tulipstulipsAnd the dog’s tooth violets had come on well.

dog's tooth violetAfter lunch, I drove down to Longtown to collect two pairs of new glasses from the optician in the town.  It was such a lovely day that I took a walk round the Longtown ponds while I was there to test  my new pair of long distance spectacles.

I could see the ponds looking very green.

longtown pondsI could see flying ducks coming in to land on the river.

flying ducksAnd gorse bushes glowing in the sun.

gorseThere were quite a few butterflies about but as usual they were hard to pin down.  One peacock butterfly did a little sunbathing on the track in front of me.

butterflyIn the course of my walk, I saw three herons, one flying, one fishing and one doing some rather odd disco moves.

heronsThere were quite a lot of swallows about and several waterfowl too.  The swallows were too quick for me and the waterfowl stuck to the middle of the ponds so photo opportunities were hard to come by.  Here are a couple of shots which are representative of my efforts.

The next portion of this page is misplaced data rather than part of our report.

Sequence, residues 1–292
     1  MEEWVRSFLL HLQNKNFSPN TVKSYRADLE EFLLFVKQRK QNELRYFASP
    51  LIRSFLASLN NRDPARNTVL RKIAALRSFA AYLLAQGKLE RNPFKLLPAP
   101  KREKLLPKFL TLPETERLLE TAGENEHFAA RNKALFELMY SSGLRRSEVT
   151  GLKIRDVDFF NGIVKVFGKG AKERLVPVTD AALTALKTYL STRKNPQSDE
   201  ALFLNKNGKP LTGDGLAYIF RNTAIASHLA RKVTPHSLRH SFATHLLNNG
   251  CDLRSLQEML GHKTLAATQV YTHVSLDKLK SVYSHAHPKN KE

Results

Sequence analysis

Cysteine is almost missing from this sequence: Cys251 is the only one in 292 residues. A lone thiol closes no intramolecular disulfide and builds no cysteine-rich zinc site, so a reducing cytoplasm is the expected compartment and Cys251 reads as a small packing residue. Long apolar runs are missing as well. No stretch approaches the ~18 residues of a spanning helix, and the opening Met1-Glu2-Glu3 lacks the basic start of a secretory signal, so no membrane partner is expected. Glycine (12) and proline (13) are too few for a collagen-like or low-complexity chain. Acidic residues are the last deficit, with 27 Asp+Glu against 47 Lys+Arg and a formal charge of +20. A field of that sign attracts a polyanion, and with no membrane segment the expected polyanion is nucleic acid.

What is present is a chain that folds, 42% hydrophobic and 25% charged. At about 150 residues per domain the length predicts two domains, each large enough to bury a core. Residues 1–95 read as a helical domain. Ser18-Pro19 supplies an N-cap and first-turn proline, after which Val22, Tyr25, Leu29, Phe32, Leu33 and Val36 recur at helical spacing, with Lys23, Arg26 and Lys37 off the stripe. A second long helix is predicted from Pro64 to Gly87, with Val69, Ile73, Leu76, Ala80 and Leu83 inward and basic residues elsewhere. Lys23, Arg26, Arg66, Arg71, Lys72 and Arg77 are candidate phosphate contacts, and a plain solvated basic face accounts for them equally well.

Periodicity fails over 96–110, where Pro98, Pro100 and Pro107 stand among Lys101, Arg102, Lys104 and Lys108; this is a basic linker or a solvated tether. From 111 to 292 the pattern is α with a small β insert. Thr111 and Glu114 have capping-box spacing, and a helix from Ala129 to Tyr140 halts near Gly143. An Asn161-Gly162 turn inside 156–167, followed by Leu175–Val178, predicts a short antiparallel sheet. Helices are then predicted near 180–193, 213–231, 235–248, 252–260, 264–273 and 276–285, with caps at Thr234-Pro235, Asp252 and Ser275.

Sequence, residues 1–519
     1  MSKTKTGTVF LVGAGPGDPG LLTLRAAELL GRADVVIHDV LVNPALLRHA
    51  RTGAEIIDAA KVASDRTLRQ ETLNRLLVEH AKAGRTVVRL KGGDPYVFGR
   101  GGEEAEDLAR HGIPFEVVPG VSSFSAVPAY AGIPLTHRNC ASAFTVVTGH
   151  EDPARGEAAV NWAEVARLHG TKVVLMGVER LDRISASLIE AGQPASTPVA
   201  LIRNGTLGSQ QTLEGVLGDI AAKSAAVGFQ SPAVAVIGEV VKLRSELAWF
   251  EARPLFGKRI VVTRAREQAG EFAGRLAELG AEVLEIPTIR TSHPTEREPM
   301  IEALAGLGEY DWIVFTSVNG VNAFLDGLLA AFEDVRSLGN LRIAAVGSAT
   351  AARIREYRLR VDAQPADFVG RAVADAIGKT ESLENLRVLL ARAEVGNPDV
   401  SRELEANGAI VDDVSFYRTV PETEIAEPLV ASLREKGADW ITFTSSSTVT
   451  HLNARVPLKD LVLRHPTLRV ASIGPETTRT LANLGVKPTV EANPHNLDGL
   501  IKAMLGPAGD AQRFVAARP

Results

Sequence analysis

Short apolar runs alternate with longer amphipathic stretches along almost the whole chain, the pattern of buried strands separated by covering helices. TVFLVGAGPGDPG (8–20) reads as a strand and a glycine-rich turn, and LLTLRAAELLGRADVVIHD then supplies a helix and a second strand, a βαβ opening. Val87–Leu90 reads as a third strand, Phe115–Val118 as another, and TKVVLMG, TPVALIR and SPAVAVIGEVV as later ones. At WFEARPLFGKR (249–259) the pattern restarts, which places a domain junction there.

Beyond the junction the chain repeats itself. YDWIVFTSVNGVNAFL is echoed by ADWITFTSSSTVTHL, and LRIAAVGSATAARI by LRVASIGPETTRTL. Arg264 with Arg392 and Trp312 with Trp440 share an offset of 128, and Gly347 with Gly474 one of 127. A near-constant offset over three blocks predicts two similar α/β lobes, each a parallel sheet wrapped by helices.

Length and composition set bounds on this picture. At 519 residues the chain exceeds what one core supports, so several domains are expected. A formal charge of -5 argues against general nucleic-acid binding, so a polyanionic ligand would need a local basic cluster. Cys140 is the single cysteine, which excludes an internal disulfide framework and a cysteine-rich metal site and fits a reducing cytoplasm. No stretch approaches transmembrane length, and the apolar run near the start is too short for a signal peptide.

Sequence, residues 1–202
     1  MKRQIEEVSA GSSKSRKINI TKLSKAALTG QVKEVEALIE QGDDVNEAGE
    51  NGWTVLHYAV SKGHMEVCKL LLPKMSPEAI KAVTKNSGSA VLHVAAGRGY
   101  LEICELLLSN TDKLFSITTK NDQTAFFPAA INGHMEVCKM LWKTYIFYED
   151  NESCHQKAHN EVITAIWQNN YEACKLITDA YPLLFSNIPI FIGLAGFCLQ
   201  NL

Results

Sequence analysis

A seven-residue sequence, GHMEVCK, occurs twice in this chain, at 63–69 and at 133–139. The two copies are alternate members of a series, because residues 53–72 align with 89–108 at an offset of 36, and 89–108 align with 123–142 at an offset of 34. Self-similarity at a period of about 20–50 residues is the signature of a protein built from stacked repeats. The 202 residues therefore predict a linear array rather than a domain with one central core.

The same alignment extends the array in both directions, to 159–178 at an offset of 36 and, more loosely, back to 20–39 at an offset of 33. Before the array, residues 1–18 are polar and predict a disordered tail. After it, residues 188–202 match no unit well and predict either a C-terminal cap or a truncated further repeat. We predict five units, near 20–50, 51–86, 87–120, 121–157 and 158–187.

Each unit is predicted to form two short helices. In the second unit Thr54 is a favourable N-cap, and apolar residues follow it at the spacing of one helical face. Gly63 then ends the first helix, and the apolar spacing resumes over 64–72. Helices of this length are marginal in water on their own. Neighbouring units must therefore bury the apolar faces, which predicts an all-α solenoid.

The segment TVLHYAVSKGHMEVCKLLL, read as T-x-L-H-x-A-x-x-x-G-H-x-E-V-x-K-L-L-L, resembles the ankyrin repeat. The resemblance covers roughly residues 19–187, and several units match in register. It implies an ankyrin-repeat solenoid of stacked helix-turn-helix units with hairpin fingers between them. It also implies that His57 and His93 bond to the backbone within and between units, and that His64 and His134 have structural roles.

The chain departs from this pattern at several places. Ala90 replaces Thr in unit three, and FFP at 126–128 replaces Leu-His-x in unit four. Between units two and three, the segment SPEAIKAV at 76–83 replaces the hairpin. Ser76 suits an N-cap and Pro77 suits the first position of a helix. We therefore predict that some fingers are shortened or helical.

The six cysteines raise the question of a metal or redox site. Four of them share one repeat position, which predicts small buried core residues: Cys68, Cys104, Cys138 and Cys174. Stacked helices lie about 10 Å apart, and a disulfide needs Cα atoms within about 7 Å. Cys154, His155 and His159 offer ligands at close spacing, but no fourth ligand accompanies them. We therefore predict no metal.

duck and swallowThe new glasses were certainly letting me see quite a lot of birds but they also seemed to alarm them too as they either swam or flew off as soon as I approached.  I saw goosanders, oyster catchers, tufted ducks, coots, herons, mallards, curlews and even a lone lapwing but in the end I had to settle for snapping first some slower moving fauna….

cattle…and finally some actually static flora.

wild flowers

Probably ladies’ smock

wild flowers

With added insect


This is definitely celandine

Spring was really springing.

spring at LongtownSpring at LongtownlichenI was pleased with my new glasses.  But even with my old gasses I wouldn’t have been able to miss the bridge over the Esk.  This is one of my favourite views.